Autologous hematopoietic stem cell (HSC) transplantation, combined with gene editing, could provide an ideal therapeutic option for the treatment of congenital blood diseases, such as hemoglobinopathies, primary immune deficiencies, and storage disorders. Gene editing relies on site-specific induction of a double stranded break (DSB) by targeted nucleases (such as Zinc Finger Nucleases (ZFNs) or CRISPR/Cas9 system), and subsequent gene correction using endogenous cellular repair mechanisms. The two main competing pathways to repair the break are non-homologous end joining (NHEJ), an often-imprecise pathway which can result in insertions and deletions (indels), or accurate homology-directed repair (HDR) pathway which uses a homologous donor template to seamlessly repair the break and incorporate the desired changes. For certain diseases, where a knockout of a gene can result in therapeutic benefit, repair by NHEJ pathway may be favorable. However, for conditions where disruption of a gene can result in an even more severe phenotype than the original disease (such as sickle cell anemia), repair via HDR pathway is critical.
Despite advances in nuclease technologies and the ability to efficiently achieve high frequency of site-specific gene disruption, the current progress to reach clinically relevant levels of precise HDR-mediated repair still remains elusive. Therefore, our translational goal is to improve the gene editing outcomes in HSCs, specifically, increase HDR and decrease NHEJ levels, which will be beneficial for treating many diseases of the blood. This dissertation aims to identify the hindrances that limit efficient HDR-mediated editing in HSCs, and investigates several approaches to address these impediments.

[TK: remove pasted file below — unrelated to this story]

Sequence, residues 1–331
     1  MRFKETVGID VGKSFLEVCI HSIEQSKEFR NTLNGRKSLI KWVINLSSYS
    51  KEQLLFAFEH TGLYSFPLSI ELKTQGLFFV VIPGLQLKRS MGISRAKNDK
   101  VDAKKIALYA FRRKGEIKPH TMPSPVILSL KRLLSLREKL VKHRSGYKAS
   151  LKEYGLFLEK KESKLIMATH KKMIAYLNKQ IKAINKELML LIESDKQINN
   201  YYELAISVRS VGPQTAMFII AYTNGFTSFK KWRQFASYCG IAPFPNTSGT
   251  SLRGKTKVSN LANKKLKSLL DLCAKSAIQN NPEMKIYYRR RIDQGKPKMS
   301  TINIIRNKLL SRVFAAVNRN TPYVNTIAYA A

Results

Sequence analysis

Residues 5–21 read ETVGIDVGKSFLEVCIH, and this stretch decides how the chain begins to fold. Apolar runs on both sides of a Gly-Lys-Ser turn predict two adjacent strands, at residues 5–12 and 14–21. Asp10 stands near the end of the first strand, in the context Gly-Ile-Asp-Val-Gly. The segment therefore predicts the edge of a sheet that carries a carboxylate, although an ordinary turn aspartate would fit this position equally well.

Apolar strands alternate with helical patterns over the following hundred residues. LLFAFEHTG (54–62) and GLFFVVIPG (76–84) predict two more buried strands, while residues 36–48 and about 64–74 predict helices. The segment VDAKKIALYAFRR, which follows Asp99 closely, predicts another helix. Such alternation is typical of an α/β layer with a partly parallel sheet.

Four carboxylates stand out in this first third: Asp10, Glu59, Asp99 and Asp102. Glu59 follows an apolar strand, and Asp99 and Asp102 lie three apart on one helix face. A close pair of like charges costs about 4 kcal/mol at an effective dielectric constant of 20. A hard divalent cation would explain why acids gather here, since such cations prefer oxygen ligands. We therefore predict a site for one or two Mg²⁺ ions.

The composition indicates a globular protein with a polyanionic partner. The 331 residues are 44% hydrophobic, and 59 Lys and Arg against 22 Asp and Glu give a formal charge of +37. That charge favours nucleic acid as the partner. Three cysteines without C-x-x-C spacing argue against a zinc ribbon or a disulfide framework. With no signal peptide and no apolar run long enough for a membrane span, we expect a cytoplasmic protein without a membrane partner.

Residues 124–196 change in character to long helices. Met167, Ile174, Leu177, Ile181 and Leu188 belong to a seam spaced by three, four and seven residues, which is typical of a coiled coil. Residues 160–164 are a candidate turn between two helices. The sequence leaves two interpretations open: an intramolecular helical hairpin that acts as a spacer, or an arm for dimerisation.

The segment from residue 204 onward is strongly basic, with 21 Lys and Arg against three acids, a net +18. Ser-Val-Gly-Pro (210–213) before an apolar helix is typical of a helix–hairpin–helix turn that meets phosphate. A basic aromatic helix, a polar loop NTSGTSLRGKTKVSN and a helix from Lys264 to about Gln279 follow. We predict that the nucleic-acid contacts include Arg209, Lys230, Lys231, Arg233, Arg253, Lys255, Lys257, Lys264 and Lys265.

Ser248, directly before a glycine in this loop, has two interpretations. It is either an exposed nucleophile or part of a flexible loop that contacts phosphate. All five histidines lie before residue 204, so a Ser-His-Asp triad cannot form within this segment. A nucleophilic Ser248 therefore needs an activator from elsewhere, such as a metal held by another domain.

Our results indicate that one major reason for low gene correction in HSCs is their heightened susceptibility to cell toxicity resulting from the electroporation of the nuclease and homologous donor template. We demonstrate that co-electroporation of mRNA encoding the anti-apoptotic protein BCL2 with gene editing reagents significantly ameliorates the cytotoxicity and increases the yield of gene-corrected HSCs.
Next, we show that cell cycle-dependent control of nuclease activity and DNA repair pathways can influence gene editing outcomes to favor the precise DNA modification (HDR) over faulty repair events (NHEJ) in human HSCs. By using a modified version of Cas9 protein with reduced nuclease activity in G1 phase of cell cycle, when HDR cannot occur, and transiently increasing the proportion of cells in HDR-preferred phases (S/G2), we achieve a 4-fold improvement in HDR/NHEJ ratio over the control condition in vitro, and a significant improvement in long-term gene-modified engrafted cells after xenotransplantation of edited human HSCs into immune-deficient mice.
Finally, we investigate what cellular elements govern the DNA repair pathway choice and how they can be exploited to shift the balance toward HDR from NHEJ. We test the effects of manipulating the expression levels of several DNA repair factors, that are presumed to be important for pathway choice and progression, on HDR and NHEJ levels in K562 cell line and primary human hematopoietic stem and progenitor cells (HSPCs). Interestingly, we observe differential effects of DNA repair factor manipulation on gene editing outcomes dependent upon the delivery method employed and the types of cells used.
These strategies for improving gene editing outcomes in human HSCs have important implications for the field of gene therapy as a whole, and can be applicable to diseases where increased HDR/NHEJ ratio is critical for therapeutic success.